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The Meeting of Jacob and Esau: The Healing of the Open Wound

  • The Meeting of Jacob and Esau: The Healing of the Open Wound

    Vayishlach, Genesis 32:4−36:43
D'var Torah By: 

The drama of Jacob and Esau is not over yet. In the previous episode involving the two brothers, Jacob stole Esau's birthright and blessing by tricking their father, Isaac. Intent on revenge, Esau threatened to kill Jacob for having wronged him. Seeking to protect Jacob from his brother's wrath, their mother, Rebecca, sent Jacob to live with her brother Laban. Jacob had inflicted a wound on his brother that may never heal.

After having spent twenty years in Laban's home, Jacob is commanded by God to return to the land of his ancestors, the land of Canaan. In order to do so, Jacob has to pass through Edom, the territory of his brother, Esau.

The prospect of meeting Esau after their twenty-year estrangement is indeed daunting. How will Jacob face Esau after having usurped the latter's inheritance and blessing? Will Esau carry out his threat to kill Jacob? Will the bitterness remain, or has it subsided? Will the wound opened by Jacob still be as fresh as the day on which it was inflicted?

The two men prepare for their meeting like warriors about to enter into battle. Jacob sends men to spy on Esau, as well as gifts meant to appease him. Esau surrounds himself with a 400-man army. Each is tense and apprehensive at the prospect of seeing his brother again.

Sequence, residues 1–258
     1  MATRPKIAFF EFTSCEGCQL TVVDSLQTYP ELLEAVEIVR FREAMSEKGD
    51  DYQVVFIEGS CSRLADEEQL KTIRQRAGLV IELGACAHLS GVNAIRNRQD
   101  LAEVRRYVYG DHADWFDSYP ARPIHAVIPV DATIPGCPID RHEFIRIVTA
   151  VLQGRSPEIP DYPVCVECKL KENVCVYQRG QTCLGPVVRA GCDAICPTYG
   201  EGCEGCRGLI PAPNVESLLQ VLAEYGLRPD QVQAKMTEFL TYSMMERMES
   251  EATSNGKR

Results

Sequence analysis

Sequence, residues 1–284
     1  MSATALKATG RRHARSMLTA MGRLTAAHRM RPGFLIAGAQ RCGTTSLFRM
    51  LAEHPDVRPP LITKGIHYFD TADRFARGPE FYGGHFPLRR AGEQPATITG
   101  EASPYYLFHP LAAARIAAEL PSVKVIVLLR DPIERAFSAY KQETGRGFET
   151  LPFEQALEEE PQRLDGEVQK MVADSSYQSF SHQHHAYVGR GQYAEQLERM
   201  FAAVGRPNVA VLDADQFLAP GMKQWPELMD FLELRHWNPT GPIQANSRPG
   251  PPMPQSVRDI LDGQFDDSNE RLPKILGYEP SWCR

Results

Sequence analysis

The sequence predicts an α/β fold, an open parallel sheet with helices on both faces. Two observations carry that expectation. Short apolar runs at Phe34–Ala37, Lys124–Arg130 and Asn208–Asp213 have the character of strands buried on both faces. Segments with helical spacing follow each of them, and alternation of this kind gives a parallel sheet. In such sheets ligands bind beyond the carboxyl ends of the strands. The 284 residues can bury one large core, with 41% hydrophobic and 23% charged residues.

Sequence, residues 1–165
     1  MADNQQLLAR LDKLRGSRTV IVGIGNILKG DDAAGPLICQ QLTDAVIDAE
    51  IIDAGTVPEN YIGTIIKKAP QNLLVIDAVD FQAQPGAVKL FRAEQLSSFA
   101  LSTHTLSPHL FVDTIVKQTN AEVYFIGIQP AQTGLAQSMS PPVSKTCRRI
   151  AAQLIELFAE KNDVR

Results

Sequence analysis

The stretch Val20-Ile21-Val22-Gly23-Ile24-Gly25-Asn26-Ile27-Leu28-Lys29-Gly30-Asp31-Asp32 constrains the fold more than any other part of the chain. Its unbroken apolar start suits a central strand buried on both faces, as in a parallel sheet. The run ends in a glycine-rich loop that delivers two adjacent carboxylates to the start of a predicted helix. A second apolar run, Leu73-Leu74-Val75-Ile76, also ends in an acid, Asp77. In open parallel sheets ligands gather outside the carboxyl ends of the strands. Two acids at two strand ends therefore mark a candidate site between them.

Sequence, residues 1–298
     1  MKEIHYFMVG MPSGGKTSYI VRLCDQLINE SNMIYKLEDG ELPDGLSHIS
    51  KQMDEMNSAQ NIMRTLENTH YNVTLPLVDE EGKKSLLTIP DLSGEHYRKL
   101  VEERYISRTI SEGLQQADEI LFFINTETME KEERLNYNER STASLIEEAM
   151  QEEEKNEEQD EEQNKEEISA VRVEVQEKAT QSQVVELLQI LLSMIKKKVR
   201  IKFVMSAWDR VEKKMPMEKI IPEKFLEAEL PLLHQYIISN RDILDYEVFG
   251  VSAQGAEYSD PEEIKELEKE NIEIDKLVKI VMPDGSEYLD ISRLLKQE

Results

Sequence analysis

At last the moment of truth arrives. Esau makes the first overture: He embraces Jacob, falls on his neck, and kisses him. The tension has been broken.

But what does Esau's kiss mean? In the Hebrew text, the words for "he kissed him" have dots over them, raising a question about their meaning. Rashi points out an argument in the midrash regarding whether the kiss was a sincere act or an empty gesture, a social convention used to fill an awkward moment. We might also ask, What was Esau thinking? Was he kissing Jacob with his lips while still plotting revenge in his heart?

In Judaism, we usually put more emphasis on actions than on intentions, on the acts we perform rather than on the emotions we feel. Looked at in this way, Esau's kiss can simply be taken at face value as a sign of reconciliation. Do Esau's feelings really matter at this moment? His overt behavior indicates peace: Do we need to be concerned whether he is feeling vengeful inwardly?